Sixes set to be a big hit

The game has moved on. Whether it is any better is one for the pub. Cast your eyes down the composite team from the first World Cup in 1975 and it is not obvious that the standard of play has advanced in leaps and bounds.

There were some handy cricketers around three decades ago. But the game has changed. That first competition lasted a fortnight and comprised 15 matches. This one starts on March 13, lasts for 47 days and 51 matches will be played.

Eight teams took part in 1975—“unfortunately not South Africa” notes the Wisden Cricketers’ Almanack. The concluding match at Lord’s, when West Indies defeated Australia, was 60 overs a side, still probably the best final of the lot and finished at 8.43pm; it generated £66 000, a record for a one-day match at the time.

On the opening day of the 1975 competition, England scored 334/4 at Lord’s. India responded, incredibly, with 132/3 from their 60 overs, with opening batsman Sunil Gavaskar reaching 36 not out at the close. The target, he decided, was so unattainable that he would have some batting practice.

Now teams, having worked out that the asking rate is a mere five and a half runs an over, would be plotting their run chase with a degree of justified optimism. Batsmen the world over have different parameters, new shots. And they hit sixes at will.

In 1975, a six was an event in itself. In the final, in which 565 runs were plundered, Clive Lloyd hit two sixes and Deryck Murray one in the West Indies innings. The Australians replied gallantly with 274, to lose by 17 runs. Not a single Aussie cleared the boundary. That was how the game was played. Bats were not so fine-tuned for the big hit; batsmen still hit the ball along the ground.

The 2003 World Cup final, when Australia routed India, took place at the Wanderers in Johannesburg (a fair-sized ground) and there were 14 sixes in the match, eight alone from the bat of Ricky Ponting. There could be more this time around, especially as the final takes place in Bridge­town, Barbados, where we can expect batsmen to enjoy themselves.

The groundsman at Bridgetown is Richard “Prof” Edwards, who used to bowl the new ball with Wes Hall for Barbados, and occasionally for West Indies. He knows his business. He reports that when the islands played on his relaid square, scores of 290 were commonplace and that “sides won’t be safe with 300”.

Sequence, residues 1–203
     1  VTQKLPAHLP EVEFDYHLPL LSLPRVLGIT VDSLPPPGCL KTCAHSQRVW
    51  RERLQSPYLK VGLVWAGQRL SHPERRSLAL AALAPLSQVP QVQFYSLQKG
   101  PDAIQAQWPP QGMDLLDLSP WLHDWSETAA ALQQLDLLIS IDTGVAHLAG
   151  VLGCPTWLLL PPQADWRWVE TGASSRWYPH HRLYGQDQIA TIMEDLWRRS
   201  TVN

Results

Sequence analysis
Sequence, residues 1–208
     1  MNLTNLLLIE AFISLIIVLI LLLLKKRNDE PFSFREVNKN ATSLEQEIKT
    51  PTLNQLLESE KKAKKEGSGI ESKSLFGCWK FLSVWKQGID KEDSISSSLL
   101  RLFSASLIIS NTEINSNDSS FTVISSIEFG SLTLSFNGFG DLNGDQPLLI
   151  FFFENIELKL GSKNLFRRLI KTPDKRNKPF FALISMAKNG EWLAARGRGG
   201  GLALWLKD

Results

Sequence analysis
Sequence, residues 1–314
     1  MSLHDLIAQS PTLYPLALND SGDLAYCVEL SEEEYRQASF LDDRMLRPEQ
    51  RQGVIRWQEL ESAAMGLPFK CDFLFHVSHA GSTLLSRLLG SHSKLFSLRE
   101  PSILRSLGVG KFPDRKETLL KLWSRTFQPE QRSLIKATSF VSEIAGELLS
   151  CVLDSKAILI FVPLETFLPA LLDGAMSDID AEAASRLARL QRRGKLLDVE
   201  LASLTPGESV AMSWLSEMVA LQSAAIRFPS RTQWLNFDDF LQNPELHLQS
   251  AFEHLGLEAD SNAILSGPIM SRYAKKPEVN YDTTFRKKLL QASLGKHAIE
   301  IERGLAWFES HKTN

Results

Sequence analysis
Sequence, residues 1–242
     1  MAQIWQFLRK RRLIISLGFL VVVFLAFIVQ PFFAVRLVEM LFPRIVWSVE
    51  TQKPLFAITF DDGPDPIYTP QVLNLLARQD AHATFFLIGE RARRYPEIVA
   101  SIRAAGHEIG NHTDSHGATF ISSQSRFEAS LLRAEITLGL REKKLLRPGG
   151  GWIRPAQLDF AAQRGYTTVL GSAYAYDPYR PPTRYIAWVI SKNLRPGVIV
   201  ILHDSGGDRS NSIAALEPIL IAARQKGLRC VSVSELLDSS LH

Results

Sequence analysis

Paul Collingwood, as coherent a one-day thinker as any, confirms that batsmen actually practise hitting sixes in the nets now. A decade or more ago, such an activity would see the player branded a slogger who was not taking his net practice seriously.

“Look how the likes of Andrew Symonds, Cameron White, Shahid Afridi and Mahendra Dhoni have developed their games. They practise withdrawing their left leg so that they can swing their arms freely. They can clear the boundary at will,” says Collingwood. There are plenty of others—the likes of Jacob Oram, Virender Sehwag and Kevin Pietersen—who can do the same.

In Australia, Collingwood was at his lowest ebb at the start of the one-day series. “Every ball they bowled was a hand grenade. After 30 balls I’d have two runs on the board.” But that stunning catch to dismiss Ponting in Melbourne sparked an Australia collapse and England’s tour changed. Which takes us to fielding, an area in which Collingwood is an expert and which is correctly cited as one of the differences between now and then.

In 1975, you would be no more likely to encounter Ian Chappell or Vanburn Holder indulging in a sliding stop than you would a shaven head as a fashion statement. Everyone has to field well now. In 1975 it was a bonus, which does not mean to say that it wasn’t a key element of the game.

In that final, five Australians were run out, three of them by a young Vivian Richards. Unable to make an impact with the bat, he terrorised the Australians from cover. Richards was a brilliant fieldsman, though he would not have practised as scientifically as Collingwood. The Durham all-rounder was almost taken aback when asked whether fielding would be crucial in the Caribbean.

“It’s crucial any time; in Test matches a half chance taken can change a game.” He went on to explain how each fielder now practises in the position he knows he will be taking up. So most of Collingwood’s shies at the stumps will be from his specialist position at backward point. During practice he reckons on a 50-50 success rate.

Despite all the coaches and the detailed preparation that is part of the modern game, a perennial truth is highlighted by Collingwood. “Whichever side can adjust quickest to the conditions, and can assess what is a good score on any given surface, will have a huge advantage.”

Whether 1975 or 2007, the ability of cricketers to think on their feet out in the field will be fundamental to success. Although it must be said that in the helmetless days of 1975 it was sometimes trickier to stay on your feet.

At The Oval on June 11 1975, Sri Lanka played Australia. First Duleep Mendis was struck on the head by Jeff Thomson and taken off to hospital. Soon afterwards, Sunil Wettimuny was struck by another Thomson lifter. Then his right instep was crushed by the next delivery.

As Wettimuny staggered around in and out of his crease, Thomson threw down the wicket and appealed for a run-out, which, to his dismay, was disallowed. On joining Mendis at the nearby hospital, Wettimuny announced: “Jeff Thomson did it.” “Do you wish to lay charges?” asked a police sergeant.

Which just goes to show that some things don’t change. Whether it’s 1975 or 2007, the Aussies retain that little ruthless streak on the cricket field.—Â

Client Media Releases

All things 'creepy crawly' at award-winning UKZN stand
Tellos founder to present at ITWeb AI 2019
The rand: Before, during and after Elections 2019